But Rosario has a chance to shine, seeing as only Olsen is the true threat. I'd like to offer a comparison for Nelson Rosario, and a possible scenario for him. In the NFL today, many top flight teams now posess two starter caliber tight ends with receiving ability. Gone are the days where teams choose to rely on one tight end for passing offense (though players like Antonio Gates and Tony Gonzales still play this role). Teams like the Ravens (Dennis Pitta and Ed Dickson) have two options and can choose to use them simultaneously.

Even the Panthers at one point had two, with Jeremy Shockey partnering with Cam and Co. to contribute alongside Greg Olsen. But, the best duo of tight ends today is Rob Gronkowski and Aaron Hernandez. And this is where I draw up my comparison. Hernandez (6-1, 245 pounds) and Rosario (6-5, 225 pounds) compare favorably. Both are basically larger wide receivers. Hernandez often lines up wide and in the backfield when not playing tight end, a spot where Gronkowski figures to be more of a true tight end. Hernandez then creates mismatches for the defense, as cornerbacks may have trouble covering him due to his size and linebackers can have trouble due to his speed. Rosario in college was a wide receiver/h-back turned tight end going into the NFL.

He lacks wide receiver speed but still possesses speed to create issues for defenses. If utilized properly with favorable development, Rosario could figure to become the Panthers' Aaron Hernandez. No, I'm not saying Rosario IS Hernandez, nor will he match up talent wise. But Rosario's strengths can be better utilized in this type of role. But it all depends on how he develops and how well he practices this offseason.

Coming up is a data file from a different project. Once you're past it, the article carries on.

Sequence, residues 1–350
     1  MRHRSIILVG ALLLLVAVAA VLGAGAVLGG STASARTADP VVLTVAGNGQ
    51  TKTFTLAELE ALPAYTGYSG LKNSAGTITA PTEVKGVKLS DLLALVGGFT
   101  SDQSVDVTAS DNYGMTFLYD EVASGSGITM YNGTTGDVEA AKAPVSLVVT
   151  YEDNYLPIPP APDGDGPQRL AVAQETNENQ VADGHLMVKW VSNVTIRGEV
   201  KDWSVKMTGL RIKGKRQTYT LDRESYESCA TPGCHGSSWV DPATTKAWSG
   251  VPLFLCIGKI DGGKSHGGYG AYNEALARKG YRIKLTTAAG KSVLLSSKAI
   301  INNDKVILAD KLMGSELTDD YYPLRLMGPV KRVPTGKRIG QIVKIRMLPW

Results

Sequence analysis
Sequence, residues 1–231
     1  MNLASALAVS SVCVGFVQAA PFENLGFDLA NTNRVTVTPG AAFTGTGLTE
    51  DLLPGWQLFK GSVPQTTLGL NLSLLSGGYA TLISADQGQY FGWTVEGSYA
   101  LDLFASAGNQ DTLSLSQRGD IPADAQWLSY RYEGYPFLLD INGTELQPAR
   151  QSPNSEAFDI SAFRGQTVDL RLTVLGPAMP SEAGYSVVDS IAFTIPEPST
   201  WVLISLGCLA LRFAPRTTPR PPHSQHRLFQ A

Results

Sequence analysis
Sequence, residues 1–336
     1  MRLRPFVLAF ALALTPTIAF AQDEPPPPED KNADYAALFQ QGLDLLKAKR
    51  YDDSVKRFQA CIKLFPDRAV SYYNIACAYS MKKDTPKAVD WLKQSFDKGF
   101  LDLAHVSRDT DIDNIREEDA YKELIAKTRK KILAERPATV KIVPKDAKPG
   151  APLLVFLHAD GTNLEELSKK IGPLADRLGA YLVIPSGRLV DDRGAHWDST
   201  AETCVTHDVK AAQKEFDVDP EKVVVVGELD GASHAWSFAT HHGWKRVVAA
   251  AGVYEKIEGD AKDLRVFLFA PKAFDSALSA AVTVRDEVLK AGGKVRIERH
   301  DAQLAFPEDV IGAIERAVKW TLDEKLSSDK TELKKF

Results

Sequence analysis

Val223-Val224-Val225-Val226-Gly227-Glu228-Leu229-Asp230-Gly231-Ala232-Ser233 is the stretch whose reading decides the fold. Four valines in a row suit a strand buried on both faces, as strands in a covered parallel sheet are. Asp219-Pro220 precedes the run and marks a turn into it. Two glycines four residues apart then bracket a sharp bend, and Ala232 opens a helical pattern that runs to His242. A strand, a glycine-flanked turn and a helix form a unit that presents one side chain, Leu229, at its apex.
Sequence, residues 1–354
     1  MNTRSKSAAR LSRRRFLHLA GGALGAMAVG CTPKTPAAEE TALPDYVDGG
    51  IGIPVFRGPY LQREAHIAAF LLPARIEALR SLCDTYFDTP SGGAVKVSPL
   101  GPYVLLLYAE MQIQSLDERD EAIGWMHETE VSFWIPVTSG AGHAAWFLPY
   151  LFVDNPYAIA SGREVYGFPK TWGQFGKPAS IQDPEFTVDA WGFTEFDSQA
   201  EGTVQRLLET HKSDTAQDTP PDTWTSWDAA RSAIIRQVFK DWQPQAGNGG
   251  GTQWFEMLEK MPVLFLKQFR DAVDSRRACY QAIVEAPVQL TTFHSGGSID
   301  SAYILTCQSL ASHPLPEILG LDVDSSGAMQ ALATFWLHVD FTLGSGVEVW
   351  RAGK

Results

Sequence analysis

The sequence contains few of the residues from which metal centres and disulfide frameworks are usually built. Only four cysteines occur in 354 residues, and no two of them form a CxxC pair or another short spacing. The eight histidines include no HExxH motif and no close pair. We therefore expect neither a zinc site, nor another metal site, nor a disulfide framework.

Chance to make the 53- 25% Chance to make Practice Squad- 100%

Brandon Williams

Williams possesses ideal size for a tight end. The former Oregon Duck is getting his second chance after being diagnosed with a narrow spinal canal and bulging disc in his back. However, the tight end spot is relatively crowded, and Rosario probably provides more upside. Unless he can block well and provide more receiving value than Brockel and Hartsock, most likely Williams won't last. But special teams value is always a factor, and he still has Practice Squad eligibility. But if Rosario is brougt back to the PS don't expect Williams to follow. Chance to make roster- 10% Chance to make Practice Squad- 50%